How eating more fibre improves your skin health

Getting enough fiber is important for your health.

We all know fibre improves gut health, contributing to better digestion. But did you know that fibre can benefit your skin as well? Your skin is one of the many parts of your body that are linked to your gut, so a happy gut leads to happy-looking skin. Here, we explain everything you need to know about how dietary fibre can improve your skin.

What is fibre?

Dietary fibre is a carbohydrate-based nutrient found in plant foods. During digestion, it can’t be broken down by your body’s enzymes, and instead supports the gut and aids the digestive process. The exact way this happens depends on the kind of fibre you eat:

  •  Soluble fibre dissolves in water. It acts like food for your gut microbiota, which are friendly microorganisms that keep your gut healthy.
  •  Insoluble fibre absorbs water. It keeps things running smoothly through the gut.

These activities can help manage or prevent digestive issues, such as diarrhoea, constipation, ulcerative colitis, IBS, haemorrhoids, and more. Because of the gut’s relation to several other systems of the body, fibre also plays a role in helping gut-related issues affecting the heart, immune system, hair, skin, nails, and more.


How are the gut and skin related?

There are now plenty of studies confirming that there’s a link between the gut and skin, a connection that’s referred to as the “gut-skin axis.” That’s why many people with skin issues also have digestive problems, and vice versa. People with rosacea are 10 times more likely to have small intestinal bacterial overgrowth (SIBO), and treating SIBO in rosacea patients has resulted in almost complete elimination of the skin disorder. 15-30% of people with inflammatory bowel disease (IBD) also have skin conditions. Plus, many people with celiac disease get a rash called dermatitis herpetiformis. We must treat the skin from within!! 

The gut-skin axis is also responsible for our diet impacting the appearance of our skin. That’s why we sometimes break out when we eat fatty food, red meat, or dairy. If you've followed me for a while, you'll know that good skin begins within. You can read more about it here and here.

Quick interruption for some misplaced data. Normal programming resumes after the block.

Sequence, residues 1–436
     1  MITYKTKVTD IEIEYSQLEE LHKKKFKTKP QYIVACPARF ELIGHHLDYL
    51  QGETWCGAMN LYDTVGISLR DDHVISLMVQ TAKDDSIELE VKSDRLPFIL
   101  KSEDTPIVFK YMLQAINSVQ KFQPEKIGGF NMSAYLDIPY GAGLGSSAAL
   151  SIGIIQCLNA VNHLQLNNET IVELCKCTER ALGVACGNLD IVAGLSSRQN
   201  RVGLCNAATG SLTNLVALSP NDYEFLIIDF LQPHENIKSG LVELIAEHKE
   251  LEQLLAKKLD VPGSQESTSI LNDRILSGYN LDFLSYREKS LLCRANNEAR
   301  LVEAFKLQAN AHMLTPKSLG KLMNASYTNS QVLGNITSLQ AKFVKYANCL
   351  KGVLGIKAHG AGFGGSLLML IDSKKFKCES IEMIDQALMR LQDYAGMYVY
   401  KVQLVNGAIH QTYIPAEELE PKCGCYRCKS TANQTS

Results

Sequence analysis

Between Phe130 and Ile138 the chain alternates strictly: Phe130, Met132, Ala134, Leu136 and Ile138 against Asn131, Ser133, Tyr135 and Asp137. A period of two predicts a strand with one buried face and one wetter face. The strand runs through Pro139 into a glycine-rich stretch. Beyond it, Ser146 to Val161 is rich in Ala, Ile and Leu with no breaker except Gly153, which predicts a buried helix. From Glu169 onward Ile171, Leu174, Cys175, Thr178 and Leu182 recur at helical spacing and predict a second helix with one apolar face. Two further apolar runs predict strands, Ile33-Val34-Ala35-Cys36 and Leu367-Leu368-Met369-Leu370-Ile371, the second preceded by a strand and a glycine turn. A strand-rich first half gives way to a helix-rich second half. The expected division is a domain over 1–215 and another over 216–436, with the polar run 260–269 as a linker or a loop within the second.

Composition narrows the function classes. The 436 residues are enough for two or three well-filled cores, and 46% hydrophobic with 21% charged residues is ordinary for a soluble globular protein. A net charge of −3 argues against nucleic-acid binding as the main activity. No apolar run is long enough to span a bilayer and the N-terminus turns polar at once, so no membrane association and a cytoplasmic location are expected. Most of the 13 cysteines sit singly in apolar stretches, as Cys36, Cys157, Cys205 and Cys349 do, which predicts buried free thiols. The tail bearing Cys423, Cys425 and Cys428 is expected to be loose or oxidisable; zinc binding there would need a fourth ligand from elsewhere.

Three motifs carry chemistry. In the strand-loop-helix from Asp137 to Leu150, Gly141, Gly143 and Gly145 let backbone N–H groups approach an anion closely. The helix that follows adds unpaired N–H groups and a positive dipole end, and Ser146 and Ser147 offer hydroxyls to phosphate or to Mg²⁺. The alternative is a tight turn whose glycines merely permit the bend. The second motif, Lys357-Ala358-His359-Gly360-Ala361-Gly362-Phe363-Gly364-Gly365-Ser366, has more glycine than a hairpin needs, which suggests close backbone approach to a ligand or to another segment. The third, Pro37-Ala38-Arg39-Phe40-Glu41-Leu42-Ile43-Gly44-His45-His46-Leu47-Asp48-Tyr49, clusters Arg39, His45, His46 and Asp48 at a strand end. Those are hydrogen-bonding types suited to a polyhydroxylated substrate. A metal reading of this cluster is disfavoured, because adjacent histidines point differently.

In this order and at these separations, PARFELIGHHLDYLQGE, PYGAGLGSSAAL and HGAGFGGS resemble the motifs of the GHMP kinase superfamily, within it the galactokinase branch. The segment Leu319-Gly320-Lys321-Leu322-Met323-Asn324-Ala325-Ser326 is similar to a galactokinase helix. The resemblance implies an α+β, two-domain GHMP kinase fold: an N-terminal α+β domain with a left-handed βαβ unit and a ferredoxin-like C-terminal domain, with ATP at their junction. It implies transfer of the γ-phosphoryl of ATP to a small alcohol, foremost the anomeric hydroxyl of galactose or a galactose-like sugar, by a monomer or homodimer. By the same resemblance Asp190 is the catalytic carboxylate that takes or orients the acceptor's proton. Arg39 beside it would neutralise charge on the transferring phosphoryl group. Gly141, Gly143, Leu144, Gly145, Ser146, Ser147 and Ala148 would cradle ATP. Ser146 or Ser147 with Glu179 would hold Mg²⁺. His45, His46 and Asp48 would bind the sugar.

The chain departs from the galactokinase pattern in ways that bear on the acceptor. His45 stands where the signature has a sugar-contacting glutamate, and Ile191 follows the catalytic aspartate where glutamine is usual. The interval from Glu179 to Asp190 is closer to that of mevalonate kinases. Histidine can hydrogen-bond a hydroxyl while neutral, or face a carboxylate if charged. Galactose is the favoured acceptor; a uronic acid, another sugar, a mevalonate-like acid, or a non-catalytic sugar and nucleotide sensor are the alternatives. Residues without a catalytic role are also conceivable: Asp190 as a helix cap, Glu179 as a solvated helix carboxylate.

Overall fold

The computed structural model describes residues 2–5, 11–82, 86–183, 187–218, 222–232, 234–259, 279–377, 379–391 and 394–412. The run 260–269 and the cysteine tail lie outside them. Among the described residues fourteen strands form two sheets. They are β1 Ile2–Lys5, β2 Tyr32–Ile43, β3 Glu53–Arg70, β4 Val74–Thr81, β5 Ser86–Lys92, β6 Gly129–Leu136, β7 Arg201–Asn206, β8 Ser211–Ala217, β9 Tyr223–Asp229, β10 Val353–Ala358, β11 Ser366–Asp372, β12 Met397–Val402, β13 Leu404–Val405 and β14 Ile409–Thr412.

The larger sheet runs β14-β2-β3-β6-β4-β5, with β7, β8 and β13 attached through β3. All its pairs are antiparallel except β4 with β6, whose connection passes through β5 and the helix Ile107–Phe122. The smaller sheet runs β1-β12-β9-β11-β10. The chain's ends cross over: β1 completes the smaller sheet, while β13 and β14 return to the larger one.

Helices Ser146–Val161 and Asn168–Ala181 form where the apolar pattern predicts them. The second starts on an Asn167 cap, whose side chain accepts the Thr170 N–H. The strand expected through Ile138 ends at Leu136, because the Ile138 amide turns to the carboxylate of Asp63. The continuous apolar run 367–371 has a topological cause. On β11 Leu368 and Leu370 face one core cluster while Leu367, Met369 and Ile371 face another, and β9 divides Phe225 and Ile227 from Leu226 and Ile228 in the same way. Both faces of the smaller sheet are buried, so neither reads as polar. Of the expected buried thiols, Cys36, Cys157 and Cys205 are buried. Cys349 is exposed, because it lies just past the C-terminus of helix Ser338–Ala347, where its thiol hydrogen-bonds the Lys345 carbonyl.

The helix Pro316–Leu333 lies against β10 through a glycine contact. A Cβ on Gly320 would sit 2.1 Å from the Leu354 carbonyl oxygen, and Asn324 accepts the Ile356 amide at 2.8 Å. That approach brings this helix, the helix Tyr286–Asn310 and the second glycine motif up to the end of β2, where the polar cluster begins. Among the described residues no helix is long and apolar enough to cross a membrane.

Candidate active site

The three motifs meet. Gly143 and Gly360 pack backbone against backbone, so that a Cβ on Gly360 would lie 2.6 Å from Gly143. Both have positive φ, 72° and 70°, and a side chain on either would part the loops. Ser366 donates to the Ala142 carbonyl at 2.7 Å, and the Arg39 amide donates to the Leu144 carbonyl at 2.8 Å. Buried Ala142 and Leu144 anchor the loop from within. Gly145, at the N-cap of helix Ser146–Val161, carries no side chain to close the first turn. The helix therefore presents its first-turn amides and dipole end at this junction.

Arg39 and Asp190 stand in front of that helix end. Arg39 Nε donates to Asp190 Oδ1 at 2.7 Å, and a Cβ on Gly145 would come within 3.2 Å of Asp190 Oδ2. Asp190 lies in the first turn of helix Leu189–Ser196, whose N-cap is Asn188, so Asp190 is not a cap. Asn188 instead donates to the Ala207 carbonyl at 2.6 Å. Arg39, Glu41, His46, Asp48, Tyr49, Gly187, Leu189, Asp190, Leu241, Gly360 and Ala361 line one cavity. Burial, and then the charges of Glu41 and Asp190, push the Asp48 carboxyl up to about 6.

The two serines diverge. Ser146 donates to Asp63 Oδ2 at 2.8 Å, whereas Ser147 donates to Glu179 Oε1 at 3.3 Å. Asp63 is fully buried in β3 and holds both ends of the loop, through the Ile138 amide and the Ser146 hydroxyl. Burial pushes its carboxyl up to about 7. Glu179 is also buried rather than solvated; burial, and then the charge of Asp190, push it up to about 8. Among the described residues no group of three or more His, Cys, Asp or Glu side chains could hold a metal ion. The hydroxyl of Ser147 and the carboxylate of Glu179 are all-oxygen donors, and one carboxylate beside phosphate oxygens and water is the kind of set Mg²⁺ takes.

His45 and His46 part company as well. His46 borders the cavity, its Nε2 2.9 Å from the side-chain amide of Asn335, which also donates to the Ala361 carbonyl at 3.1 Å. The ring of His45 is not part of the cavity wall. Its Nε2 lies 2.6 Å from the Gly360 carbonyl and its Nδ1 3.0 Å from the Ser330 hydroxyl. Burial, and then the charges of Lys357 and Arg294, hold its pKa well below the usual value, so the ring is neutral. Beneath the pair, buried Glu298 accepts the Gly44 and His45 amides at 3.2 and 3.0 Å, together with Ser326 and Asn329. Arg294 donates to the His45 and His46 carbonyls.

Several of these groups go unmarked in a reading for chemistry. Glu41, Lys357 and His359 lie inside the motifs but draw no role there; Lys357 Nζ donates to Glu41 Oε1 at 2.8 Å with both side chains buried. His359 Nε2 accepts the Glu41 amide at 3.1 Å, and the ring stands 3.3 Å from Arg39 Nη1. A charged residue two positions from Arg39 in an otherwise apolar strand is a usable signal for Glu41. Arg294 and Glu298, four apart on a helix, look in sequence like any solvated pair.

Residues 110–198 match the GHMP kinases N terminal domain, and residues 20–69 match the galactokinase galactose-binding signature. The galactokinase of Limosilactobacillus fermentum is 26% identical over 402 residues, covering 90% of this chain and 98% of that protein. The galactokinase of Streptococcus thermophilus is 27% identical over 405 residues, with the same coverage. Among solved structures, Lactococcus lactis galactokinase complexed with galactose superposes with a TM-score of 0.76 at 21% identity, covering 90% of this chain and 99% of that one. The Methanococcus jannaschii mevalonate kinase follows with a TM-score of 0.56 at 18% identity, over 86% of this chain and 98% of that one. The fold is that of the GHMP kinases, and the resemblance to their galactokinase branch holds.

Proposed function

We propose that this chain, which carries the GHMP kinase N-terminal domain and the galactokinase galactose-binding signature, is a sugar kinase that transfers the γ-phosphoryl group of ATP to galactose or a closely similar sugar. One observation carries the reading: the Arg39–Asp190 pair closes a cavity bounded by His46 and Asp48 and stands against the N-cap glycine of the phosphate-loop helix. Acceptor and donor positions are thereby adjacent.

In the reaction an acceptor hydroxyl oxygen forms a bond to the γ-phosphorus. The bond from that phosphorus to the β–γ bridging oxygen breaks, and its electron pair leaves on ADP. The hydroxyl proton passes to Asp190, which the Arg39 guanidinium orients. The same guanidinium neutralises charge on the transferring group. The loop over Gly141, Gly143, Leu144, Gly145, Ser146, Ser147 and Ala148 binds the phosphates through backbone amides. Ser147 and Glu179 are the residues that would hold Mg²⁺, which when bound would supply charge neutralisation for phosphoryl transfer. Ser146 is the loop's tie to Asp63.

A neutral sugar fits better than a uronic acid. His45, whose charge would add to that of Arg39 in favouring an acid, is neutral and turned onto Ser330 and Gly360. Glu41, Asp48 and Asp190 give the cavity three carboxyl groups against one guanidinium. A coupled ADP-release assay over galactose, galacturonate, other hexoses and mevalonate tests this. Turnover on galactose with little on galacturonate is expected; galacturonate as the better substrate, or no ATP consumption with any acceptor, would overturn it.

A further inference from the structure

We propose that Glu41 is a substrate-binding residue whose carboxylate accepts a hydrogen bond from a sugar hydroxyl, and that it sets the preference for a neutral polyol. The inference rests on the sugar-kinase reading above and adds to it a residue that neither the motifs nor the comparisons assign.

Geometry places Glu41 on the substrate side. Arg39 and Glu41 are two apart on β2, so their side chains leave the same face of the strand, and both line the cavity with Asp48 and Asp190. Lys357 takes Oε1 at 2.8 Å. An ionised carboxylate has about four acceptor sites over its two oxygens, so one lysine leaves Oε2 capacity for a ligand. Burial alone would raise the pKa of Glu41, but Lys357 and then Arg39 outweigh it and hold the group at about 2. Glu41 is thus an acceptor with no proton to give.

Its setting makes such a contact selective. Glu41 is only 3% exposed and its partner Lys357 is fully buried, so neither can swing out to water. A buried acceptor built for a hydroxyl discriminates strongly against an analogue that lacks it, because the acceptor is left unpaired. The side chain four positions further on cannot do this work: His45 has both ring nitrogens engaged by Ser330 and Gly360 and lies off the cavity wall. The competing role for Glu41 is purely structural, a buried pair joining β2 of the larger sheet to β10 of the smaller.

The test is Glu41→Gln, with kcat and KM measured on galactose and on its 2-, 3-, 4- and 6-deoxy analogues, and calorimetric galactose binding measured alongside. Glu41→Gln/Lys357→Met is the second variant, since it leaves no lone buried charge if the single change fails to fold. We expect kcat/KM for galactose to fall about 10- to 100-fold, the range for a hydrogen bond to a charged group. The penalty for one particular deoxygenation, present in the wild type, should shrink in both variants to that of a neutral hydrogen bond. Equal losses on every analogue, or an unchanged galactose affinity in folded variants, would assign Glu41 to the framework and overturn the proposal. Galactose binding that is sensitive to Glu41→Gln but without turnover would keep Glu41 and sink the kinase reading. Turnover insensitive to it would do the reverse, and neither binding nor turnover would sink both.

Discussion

How does fibre benefit your skin?

It’s simple: Because of the gut-skin axis, fibre can benefit your skin by benefiting your gut. Keeping gut microbiota healthy and well-fed, as well as improving movement in the intestines, ensures that toxins and waste from the food we eat exits our bodies efficiently. That way, they don’t stick around to make us break out or prevent our skin from a healthy glow.

How can you get more fibre in your diet to help your skin?

Most people aren’t getting enough fibre.  It’s recommended that women aim for 25 grams daily and men 38 grams. 

Here are some ways to get the daily recommended amount of dietary fibre in order to improve the appearance of your skin:

1. Eat whole food carb options.  Choosing whole foods ensures you get carbs that have fibre.  Select a variety of beans, whole grains, fruits, and vegetables.

2. Eating vegetables before a meal can increase your fibre consumption. Non-starchy vegetables are a low calorie, high fibre choice.

3. Choose whole grains over refined grains. Whole grains have the germ and bran intact, making them more nutritious than refined grains.  Try buckwheat, millet, quinoa, amaranth.

4.Take a fibre supplement. A few types of supplements have research to back them up:
- Guar fiber: As a supplement, guar fiber may improve fullness and lower your overall calorie intake. It’s also used in processed foods to improve texture - Psyllium: This is the key ingredient in Metamucil, a popular fiber supplement used for constipation. In one study, psyllium was also shown to decrease hunger between meals.
- β-glucans: This type of fiber is found in oats and barley. It’s fermented in the gut and acts as a prebiotic to support the healthy microorganisms that live there

5. Eat 6 servings of fruits or vegetables a day.  Eating fruits and vegetables in whole form, rather than juice, ensures that you get more fibre and less sugar. A kiwi fruit eaten with skin and all is an excellent way to increase fibre and improve any constipation. 

6. incorporate legumes such as lentils, beans, or peas into your diet.   There are several ways to increase legume consumption:
- Use hummus and other bean dips.
- Add mashed or whole beans to ground beef dishes.
- Top salads with cooked beans or lentils.

7. Use concentrated sources of fibre like flaxseed, chia.  Chia seeds deliver insoluble fibre, which promotes normal digestion and may lower your risk of diabetes.

8. Snack on nuts and seeds. Seeds and nuts provide protein, healthy fats, and fibre. They’re ideal for snacking or adding to recipes.

An important note: Your body may need to adjust to the increased fibre intake. If you’re using a supplement to increase your fibre, gradually increase how much fibre you take. You’ll also want to drink more water. For every 10 grams of fibre you eat, drink about 2 cups of water to help it absorb correctly. And, with drinking water being a foundation to good skin health; it's just an added bonus! 

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